SINGAPORE: SMRT bus captain Shandran Shederen Raman, 53, was taking the train to work last Tuesday afternoon (Apr 7) when a boy wearing a green-and-blue Pathlight School uniform hopped over to sit next to him.

The student, 12-year-old Theodore Tan, didn’t bother that the Downtown Line train was mostly empty. He had a question for Mr Shandran, who was wearing an SMRT uniform: Did he drive trains?

When Mr Shandran said he was a bus driver, the queries came flooding in: Which bus service? Is it an old or new bus? What does he feel about it?

Mr Shandran didn’t think Theodore was being a nuisance. The Malaysian has grown fond of buses after driving them for more than 10 years on either side of the Causeway, so he didn’t mind chatting about his job.

“It’s my duty to handle the bus every day, so I was very interested to answer his questions,” he told CNA at the Ang Mo Kio bus depot on a sticky Monday afternoon. “I didn’t feel that he was being irritating. It was so nice of him.”

The conversation soon turned technical. What about the different bus models, engines and emission standards, Theodore asked. Mr Shandran wondered about his inquisitive mind and how he could possibly know so much. 

“I doubt that many people will ask about bus engines and all that, so this guy is really good,” he said. “Normally people would ask: ‘Are you a bus captain?’ That’s it.”

Mr Shandran making his way around the depot in Ang Mo Kio. (Photo: Try Sutrisno Foo)

Theodore’s passion for buses started when he was four years old, his father Ernest Tan, 44, told CNA in an email interview.

The project manager at an engineering firm said his son enjoys surfing bus information websites, watching bus videos on YouTube and playing bus simulator games. He can even memorise bus licence plates.

So it was only natural that Mr Shandran answered all of Theodore’s questions. He showed Theodore photos of the newer buses on his phone when asked. He said the newer buses could go faster, but the older buses were more solid.

The man gestured to make a point, and the boy turned his hip to listen closely. The 15-minute conversation went so well that it didn’t really occur to Mr Shandran that Theodore has special needs.

Mr Tan said Theodore was diagnosed to be on the autism spectrum when he was two-and-a-half years old.

Teachers at the Rainbow Centre in Yishun, which conducts practical education for people with disabilities, helped develop his speech and other skills before he started attending primary school at Pathlight. 

Pathlight School

File photo of special education students from Pathlight School. (Photo: TODAY/Koh Mui Fong)

Pathlight caters to students with autism by giving them mainstream education with trained teachers and smaller classes.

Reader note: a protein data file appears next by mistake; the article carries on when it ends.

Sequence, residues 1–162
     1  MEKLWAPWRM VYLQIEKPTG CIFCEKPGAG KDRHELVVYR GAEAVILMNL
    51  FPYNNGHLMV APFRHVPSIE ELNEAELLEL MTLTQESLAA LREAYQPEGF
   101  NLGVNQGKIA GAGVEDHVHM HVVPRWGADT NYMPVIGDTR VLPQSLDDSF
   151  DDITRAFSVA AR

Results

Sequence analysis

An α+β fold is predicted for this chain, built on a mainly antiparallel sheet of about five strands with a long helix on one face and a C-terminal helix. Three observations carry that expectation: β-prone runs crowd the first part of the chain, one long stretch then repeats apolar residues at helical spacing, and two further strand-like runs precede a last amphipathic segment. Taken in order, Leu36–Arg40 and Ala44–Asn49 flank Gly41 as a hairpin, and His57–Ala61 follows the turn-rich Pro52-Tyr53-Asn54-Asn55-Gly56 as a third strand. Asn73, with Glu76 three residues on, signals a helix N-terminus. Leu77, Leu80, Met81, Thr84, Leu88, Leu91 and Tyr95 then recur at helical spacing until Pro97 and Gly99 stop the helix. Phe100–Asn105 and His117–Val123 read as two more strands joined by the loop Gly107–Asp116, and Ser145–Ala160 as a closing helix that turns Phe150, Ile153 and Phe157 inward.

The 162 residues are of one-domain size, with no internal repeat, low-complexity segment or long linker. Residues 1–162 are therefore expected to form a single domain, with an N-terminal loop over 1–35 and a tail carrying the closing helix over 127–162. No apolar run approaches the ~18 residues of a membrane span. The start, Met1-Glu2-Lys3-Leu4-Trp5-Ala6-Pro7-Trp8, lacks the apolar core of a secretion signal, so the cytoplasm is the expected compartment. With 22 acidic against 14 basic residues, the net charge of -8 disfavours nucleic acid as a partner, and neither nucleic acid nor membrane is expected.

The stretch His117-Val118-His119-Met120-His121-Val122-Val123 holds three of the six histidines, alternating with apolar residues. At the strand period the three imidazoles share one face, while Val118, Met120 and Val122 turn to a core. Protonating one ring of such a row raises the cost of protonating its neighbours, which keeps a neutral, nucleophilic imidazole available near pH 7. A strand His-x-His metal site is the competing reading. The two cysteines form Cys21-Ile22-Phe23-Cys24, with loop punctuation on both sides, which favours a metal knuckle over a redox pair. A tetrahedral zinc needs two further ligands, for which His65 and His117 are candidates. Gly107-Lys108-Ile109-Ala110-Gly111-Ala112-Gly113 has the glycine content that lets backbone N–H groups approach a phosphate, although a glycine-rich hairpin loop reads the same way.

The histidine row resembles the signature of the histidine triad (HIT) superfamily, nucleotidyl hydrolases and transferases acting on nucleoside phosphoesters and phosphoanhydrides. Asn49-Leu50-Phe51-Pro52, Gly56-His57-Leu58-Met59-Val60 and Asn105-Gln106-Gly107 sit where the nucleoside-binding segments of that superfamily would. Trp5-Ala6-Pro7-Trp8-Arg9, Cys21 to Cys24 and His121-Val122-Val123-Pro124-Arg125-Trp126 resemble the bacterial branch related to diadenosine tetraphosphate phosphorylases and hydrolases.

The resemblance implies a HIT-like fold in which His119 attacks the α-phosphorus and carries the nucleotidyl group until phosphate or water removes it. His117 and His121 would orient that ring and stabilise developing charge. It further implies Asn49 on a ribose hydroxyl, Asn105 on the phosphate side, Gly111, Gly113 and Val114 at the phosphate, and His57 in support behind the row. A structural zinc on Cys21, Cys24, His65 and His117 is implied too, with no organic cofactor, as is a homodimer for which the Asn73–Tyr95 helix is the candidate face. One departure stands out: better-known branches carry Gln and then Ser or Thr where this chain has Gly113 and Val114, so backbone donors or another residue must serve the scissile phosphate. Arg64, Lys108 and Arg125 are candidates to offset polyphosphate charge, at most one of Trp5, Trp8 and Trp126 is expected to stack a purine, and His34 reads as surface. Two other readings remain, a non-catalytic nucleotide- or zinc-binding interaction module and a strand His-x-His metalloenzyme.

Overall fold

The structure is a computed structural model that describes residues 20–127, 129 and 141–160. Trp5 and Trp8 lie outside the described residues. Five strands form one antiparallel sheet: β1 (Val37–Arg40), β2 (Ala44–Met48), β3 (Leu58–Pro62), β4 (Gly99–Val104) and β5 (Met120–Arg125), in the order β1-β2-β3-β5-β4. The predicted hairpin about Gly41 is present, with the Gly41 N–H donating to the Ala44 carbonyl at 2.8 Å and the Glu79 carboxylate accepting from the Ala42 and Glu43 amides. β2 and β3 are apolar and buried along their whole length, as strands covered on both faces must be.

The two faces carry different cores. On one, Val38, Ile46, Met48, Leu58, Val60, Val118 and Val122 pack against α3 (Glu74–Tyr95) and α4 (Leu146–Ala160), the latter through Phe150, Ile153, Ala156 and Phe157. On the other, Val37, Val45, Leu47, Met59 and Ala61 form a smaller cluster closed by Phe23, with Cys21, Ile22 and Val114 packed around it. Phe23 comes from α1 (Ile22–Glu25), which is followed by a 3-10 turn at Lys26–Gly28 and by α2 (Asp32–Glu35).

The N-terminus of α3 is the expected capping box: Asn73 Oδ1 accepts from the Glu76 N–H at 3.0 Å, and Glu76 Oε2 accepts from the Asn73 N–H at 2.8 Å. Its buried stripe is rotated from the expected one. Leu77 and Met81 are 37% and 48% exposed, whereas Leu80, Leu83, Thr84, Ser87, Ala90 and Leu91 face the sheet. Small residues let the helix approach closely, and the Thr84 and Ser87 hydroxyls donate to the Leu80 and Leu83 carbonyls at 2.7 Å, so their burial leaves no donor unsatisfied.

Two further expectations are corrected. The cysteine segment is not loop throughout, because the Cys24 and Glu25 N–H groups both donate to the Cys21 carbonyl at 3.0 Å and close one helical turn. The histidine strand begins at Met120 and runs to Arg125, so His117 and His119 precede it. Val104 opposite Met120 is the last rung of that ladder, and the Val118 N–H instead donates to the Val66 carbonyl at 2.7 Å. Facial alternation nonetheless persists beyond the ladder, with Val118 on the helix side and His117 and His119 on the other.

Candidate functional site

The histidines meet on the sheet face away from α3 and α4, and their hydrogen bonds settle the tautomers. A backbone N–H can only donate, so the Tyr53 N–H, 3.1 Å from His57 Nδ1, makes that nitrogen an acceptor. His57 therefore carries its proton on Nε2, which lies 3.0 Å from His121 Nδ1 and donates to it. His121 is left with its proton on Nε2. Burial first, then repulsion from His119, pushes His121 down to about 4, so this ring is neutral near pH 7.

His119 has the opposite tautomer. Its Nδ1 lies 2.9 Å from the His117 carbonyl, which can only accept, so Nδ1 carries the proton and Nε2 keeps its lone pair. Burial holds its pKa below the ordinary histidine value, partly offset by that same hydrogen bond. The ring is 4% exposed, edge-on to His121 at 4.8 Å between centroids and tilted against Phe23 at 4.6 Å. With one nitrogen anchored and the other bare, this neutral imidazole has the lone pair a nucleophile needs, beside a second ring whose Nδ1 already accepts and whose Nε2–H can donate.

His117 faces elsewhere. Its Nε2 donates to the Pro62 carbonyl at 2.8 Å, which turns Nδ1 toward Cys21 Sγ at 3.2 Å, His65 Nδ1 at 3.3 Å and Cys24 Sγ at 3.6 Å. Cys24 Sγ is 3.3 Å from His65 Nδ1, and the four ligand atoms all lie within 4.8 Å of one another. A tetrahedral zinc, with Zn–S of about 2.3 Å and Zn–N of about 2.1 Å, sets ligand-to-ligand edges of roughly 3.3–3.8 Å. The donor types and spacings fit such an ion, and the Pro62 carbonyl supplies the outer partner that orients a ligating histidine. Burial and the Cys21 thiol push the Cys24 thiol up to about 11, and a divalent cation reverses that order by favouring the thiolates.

Theodore is taking the Primary School Leaving Examination this year, Mr Tan said. “My son is just like any other growing boy,” he added. “He struggles socially and academically, and is starting to have teenage challenges.”

But Theodore has a bright future, if Mr Shandran’s comments are anything to go by. “I was thinking that this guy has a high IQ,” he said of his conversation with the boy. 

The two parted ways after what seemed like a normal chat between bus enthusiasts. However, what happened next was far from normal.

SMRT Bus Captain Shandran sitting in the depot canteen

Mr Shandran would have his meals in between trips at canteens like this, surrounded by colleagues. (Photo: Try Sutrisno Foo)

When Mr Shandran arrived at Tampines interchange to take the wheel of his usual 969 bus heading to Woodlands, his colleagues started teasing him.

“What did you do with the boy on the train?” they questioned. “Somebody wrote (on social media) that you were trying to kidnap the boy.”

Mr Shandran insisted he was only having a chat. It was then that he saw pictures of their exchange and a long accompanying post uploaded on Facebook.

“Clearly there is a place in our society for people with special needs. These individuals are talented! They can learn quickly, and they can even grasp technical concepts,” Kelvin Ang wrote in his Facebook post.

“This SMRT staff is an amazing human being. He treated the boy kindly, and he made the boy feel comfortable. He did not belittle the boy, and instead, spoke to the boy with patience and respect.”

Back shot of SMRT Bus Captain Shandran

Mr Shandran said he usually stands on the crowded trains to give way to passengers. It was different the day he met Theodore. (Photo: Try Sutrisno Foo)

Mr Shandran said he didn’t realise that someone was taking photos of them and listening to their conversation. “It shows that I am more interested in talking to the boy,” he said with a smile.

The post had received more than 27,000 reactions and 12,000 shares as of Monday, with numerous comments expressing appreciation for Mr Shandran. “Nice post in such challenging times,” wrote one commentator.

CHALLENGING TIMES

The heartwarming account of Mr Shandran’s encounter with Theodore came as Singapore faces unprecedented challenges.